The function which is not exposed. So how can we resolve this?

    Wednesday, December 14, 2011 2:57 PM
  • Now when I link the MathFunc.dll to my exe,
    I get the following error:
    error LNK2019: unresolved external symbol "public: static double __cdecl MathFuncs::MyMathFuncs::Multiply(double,double)"
     
    The function which is not exposed. So how can we resolve this?
    I guess I am confused. If Multiply() is not defined in (or exported from) the DLL, where is it defined?
     
    Normally, you will export the whole class, and put the __declspec(dllexport) on the whole class:
     
    class __declspec(dllexport) MyMathFuncs
    {
     
    };
     
    Also you need to arrange to be using __declspec(dllimport) when you use your header in the EXE project. This is normally done with an #ifdef:
     
    #ifdef LIBRARY_EXPORTS
    # define LIBRARY_API __declspec(dllexport)
    #else
    # define LIBRARY_API __declspec(dllimport)
    #endif
     
    But maybe I am not understanding your question.
     

    David Wilkinson | Visual C++ MVP
    Wednesday, December 14, 2011 3:40 PM
  • Now when I link the MathFunc.dll to my exe,
    I get the following error:
    error LNK2019: unresolved external symbol "public: static double __cdecl MathFuncs::MyMathFuncs::Multiply(double,double)"
     
    The function which is not exposed. So how can we resolve this?
    I guess I am confused. If Multiply() is not defined in (or exported from) the DLL, where is it defined?
     
    Normally, you will export the whole class, and put the __declspec(dllexport) on the whole class:
     
    class __declspec(dllexport) MyMathFuncs
    {
     
    };
     
    Also you need to arrange to be using __declspec(dllimport) when you use your header in the EXE project. This is normally done with an #ifdef:
     
    #ifdef LIBRARY_EXPORTS
    # define LIBRARY_API __declspec(dllexport)
    #else
    # define LIBRARY_API __declspec(dllimport)
    #endif
     
    But maybe I am not understanding your question.
     

    David Wilkinson | Visual C++ MVP

    Hi David,

    Multiply is defined inside the same class but not exported using __declspec(dllexport) ( i.e. it wont be exposed).

    So , we export the whole class and not a few functions inside the class. Right?


    And lets say,in the above case, if Multiply() is not exposed then there is no way we can use Multiply() outside the DLL ,in this case ,there is no way we can use Multiply() in the exe ?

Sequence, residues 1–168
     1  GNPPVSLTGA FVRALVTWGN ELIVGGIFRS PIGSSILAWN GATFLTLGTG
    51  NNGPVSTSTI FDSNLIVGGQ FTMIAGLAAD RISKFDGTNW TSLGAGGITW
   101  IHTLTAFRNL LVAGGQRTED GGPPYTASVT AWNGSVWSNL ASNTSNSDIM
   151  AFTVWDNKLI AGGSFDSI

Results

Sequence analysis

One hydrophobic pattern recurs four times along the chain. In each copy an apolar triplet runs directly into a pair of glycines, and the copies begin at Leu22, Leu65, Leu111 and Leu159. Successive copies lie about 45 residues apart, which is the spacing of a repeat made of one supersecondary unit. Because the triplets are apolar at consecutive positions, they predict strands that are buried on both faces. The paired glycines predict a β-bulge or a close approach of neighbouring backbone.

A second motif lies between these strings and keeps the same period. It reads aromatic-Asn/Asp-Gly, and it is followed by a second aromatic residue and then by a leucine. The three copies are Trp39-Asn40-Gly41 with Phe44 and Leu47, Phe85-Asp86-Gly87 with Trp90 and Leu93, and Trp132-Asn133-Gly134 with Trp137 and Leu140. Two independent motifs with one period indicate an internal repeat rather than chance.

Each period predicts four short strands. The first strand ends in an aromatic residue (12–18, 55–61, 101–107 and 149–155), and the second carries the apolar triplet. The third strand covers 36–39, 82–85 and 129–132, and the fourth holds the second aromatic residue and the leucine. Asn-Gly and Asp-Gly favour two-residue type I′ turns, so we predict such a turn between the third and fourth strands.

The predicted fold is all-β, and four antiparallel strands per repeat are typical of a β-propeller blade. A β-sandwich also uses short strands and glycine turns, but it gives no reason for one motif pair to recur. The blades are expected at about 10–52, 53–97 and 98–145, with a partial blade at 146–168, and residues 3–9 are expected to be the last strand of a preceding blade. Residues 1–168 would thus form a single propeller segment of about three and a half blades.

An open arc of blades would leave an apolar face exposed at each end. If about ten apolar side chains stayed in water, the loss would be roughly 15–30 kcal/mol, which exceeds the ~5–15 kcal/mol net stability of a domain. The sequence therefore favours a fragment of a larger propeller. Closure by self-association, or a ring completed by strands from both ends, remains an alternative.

Please let me know if my understanding is correct .

    Wednesday, December 14, 2011 5:18 PM
  • Multiply is defined inside the same class but not exported using __declspec(dllexport) ( i.e. it wont be exposed).
     
    So , we export the whole class and not a few functions inside the class. Right?
     
    And lets say,in the above case, if Multiply() is not exposed then there is no way we can use Multiply() outside the DLL ,in this case ,there is no way we can use Multiply() in the exe ?
    Yes, if Multiply() is not exported, how do you expect it to be used outside the DLL? What do you think the word export means (in this context)?
     

    David Wilkinson | Visual C++ MVP
    • Marked as answer by shubh.das Wednesday, December 14, 2011 6:33 PM
    Wednesday, December 14, 2011 5:33 PM
  • Thanks David.

    I was actually under the impression that the functions which are 'not' exposed, they can be linked statically (lib file is generated) and the functions which are exposed will be linked dynamically(through DLL).

    But looks like that is not what is happening actually.

    I hope I am correct.


    • Edited by shubh.das Wednesday, December 14, 2011 5:56 PM
    Wednesday, December 14, 2011 5:53 PM
  • Thanks David.
     
    I was actually under the impression that the functions which are 'not' exposed, they can be linked statically (lib file is generated) and the functions which are exposed will be linked dynamically(through DLL).
    The .lib file that is generated when you compile a DLL is called an import library. It does not contain any implementation code, but rather tells the program where to find the implementation at run time (in the DLL).
     

    David Wilkinson | Visual C++ MVP
    • Marked as answer by shubh.das Wednesday, December 14, 2011 6:33 PM
    Wednesday, December 14, 2011 6:07 PM